Federal File: Spin delay; Back in town

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Spin Delay

Creating a blueprint for bringing the nation's schools into the information age has become far more complicated now that the White House has taken an interest in the project.

President Clinton intends to personally unveil the plan, according to administration officials. And so a report that was to be issued by the Department of Education in October now sits in bureaucratic limbo, "being completely rewritten" to satisfy White House spin doctors, a source close to the process said.

The Clinton administration was quick to embrace the promise of educational technology. It appointed Linda G. Roberts, who directed two authoritative studies on the topic for the now-defunct congressional Office of Technology Assessment, as an adviser to Secretary of Education Richard W. Riley. Earlier this fall, Mr. Clinton gathered eminent technologists and educators around a White House conference table to discuss how the two groups could join forces. And for the better part of a year, the Education Department has gathered public input through town meetings and an on-line forum.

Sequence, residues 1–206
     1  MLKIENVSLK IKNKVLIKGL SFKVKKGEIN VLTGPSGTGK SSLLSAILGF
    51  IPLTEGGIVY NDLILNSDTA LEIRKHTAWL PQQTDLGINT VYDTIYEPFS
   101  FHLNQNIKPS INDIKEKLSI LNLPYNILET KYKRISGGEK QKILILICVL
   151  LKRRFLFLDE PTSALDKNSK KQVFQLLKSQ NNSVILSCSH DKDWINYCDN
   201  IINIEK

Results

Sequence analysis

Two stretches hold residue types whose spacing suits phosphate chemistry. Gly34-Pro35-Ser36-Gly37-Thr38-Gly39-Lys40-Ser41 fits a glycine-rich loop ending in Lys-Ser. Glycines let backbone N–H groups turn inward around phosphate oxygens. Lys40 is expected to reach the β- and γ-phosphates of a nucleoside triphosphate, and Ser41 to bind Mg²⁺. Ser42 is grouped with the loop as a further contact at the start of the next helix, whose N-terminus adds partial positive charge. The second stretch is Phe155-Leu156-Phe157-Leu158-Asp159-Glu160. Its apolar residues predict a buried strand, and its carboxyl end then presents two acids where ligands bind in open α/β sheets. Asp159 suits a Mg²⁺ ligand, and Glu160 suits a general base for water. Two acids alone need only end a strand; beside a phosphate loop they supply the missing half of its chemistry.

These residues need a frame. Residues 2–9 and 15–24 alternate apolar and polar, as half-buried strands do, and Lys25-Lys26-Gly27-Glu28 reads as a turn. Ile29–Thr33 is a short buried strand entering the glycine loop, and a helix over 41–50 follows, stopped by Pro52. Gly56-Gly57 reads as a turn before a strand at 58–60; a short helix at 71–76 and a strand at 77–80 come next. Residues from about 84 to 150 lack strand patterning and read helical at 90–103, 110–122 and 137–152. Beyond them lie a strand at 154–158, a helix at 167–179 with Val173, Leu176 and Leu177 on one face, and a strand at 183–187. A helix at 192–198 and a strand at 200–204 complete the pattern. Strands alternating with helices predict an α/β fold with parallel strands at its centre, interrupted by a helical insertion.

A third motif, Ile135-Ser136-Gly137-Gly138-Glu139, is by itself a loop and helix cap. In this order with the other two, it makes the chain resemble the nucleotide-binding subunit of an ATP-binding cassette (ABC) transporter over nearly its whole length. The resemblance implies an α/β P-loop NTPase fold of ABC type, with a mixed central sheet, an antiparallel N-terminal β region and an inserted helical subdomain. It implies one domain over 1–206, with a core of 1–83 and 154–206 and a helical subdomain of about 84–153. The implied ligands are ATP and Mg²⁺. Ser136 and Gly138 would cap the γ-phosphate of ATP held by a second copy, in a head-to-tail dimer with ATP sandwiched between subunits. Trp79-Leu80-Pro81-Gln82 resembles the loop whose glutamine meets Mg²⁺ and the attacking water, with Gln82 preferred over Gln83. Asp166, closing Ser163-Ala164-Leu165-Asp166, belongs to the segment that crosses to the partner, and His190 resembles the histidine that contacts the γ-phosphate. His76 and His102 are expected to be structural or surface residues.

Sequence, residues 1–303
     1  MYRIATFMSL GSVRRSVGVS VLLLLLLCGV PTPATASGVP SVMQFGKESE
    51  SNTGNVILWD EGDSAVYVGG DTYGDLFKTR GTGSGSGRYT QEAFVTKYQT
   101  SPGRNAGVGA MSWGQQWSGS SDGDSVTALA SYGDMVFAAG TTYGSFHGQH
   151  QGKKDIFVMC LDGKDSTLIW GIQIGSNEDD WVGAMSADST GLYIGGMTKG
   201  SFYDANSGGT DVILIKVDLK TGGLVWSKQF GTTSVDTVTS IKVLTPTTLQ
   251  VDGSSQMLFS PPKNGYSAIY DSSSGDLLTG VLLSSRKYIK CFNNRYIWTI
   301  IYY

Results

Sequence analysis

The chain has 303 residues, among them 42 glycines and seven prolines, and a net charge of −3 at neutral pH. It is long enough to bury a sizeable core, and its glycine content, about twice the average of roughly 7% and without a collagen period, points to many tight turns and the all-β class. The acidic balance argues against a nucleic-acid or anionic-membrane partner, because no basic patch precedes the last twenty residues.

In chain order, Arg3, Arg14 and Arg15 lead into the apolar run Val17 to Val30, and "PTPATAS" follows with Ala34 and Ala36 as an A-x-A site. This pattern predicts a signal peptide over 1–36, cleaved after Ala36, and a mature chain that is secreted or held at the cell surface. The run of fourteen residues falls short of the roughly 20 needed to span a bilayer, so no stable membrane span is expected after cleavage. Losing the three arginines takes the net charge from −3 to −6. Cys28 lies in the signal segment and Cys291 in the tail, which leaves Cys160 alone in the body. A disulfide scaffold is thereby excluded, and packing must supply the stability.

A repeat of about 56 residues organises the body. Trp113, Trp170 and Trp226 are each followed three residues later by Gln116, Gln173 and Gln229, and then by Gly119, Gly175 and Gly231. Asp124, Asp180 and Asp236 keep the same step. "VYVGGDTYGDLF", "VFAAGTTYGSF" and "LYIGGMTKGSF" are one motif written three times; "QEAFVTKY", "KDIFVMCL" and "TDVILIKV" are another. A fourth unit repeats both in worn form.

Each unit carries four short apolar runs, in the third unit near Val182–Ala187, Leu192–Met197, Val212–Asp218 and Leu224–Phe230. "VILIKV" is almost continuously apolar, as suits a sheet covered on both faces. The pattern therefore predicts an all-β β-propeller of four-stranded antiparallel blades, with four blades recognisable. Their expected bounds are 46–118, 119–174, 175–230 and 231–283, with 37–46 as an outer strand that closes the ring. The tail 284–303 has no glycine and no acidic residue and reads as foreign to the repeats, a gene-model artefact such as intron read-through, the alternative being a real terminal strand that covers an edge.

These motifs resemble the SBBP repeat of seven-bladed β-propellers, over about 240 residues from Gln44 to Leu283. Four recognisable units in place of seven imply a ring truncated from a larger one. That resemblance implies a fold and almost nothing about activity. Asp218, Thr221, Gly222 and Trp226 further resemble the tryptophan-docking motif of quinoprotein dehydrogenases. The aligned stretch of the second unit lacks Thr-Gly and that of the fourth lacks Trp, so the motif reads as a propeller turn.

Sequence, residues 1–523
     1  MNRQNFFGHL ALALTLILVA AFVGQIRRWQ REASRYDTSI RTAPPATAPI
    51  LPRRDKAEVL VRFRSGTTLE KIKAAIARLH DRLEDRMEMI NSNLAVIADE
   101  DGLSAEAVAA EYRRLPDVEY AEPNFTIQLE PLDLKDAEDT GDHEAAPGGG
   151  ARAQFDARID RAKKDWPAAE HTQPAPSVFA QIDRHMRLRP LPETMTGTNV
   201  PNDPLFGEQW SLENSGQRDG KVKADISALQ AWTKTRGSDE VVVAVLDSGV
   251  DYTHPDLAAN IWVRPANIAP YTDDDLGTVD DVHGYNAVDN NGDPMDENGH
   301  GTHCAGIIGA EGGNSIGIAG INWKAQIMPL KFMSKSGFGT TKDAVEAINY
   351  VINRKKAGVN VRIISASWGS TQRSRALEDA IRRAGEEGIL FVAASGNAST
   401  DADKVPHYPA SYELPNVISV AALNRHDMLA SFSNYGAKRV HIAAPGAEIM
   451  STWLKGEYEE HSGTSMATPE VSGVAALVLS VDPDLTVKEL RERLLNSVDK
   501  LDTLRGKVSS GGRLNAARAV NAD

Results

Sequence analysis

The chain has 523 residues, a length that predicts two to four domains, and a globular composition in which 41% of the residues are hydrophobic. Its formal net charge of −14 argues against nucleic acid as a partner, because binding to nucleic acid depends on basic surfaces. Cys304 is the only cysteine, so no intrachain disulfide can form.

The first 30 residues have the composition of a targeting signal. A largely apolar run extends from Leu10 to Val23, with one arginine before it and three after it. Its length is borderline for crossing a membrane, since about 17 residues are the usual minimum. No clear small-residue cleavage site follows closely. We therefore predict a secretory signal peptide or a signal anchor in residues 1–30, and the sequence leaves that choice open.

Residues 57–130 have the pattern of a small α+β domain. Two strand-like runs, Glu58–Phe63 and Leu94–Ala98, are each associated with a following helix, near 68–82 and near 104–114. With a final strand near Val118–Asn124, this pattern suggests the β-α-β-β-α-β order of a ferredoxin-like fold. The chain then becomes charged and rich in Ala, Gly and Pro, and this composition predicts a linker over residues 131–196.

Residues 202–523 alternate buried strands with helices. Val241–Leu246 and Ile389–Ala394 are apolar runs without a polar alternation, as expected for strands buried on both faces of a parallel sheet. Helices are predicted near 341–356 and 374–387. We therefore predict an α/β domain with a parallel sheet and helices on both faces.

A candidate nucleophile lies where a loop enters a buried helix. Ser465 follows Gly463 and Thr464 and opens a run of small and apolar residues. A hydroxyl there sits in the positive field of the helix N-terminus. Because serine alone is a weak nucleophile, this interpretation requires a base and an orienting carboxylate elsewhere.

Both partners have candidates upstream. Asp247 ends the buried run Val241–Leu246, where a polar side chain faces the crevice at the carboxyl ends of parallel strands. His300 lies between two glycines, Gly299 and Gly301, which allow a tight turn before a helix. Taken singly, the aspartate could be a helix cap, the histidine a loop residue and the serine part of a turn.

The results of this work were encapsulated in the unpublished report, "Connecting Classrooms, Computers, and Communities: Teaching and Learning in the Digital Age," which outlines a plan for upgrading schools' technology infrastructure. A copy of the report, given to Education Week, was marked "Embargoed until Oct. 31."

Ms. Roberts would not discuss last week why the report was being held up, except to emphasize that President Clinton and Vice President Al Gore have taken a personal interest in the topic.

Back in Town

After walking away from a federal appointment in 1993 to become the chancellor of the New York City schools, Ramon C. Cortines is back in Washington.

Mr. Cortines left the New York post in October following a long struggle with Mayor Rudolph W. Giuliani over control of the school district. Last week, Secretary Riley hired him as a special adviser, focusing on urban issues and school improvement.

Mr. Cortines, who formerly served as San Francisco's school superintendent, headed the Education Department transition team after the 1992 presidential election and was later nominated for the post of assistant secretary for intergovernmental and interagency affairs. But he accepted the New York chancellorship in the fall of 1993 before the Senate voted on his nomination.

--Peter West & Robert C. Johnston

Vol. 15, Issue 15

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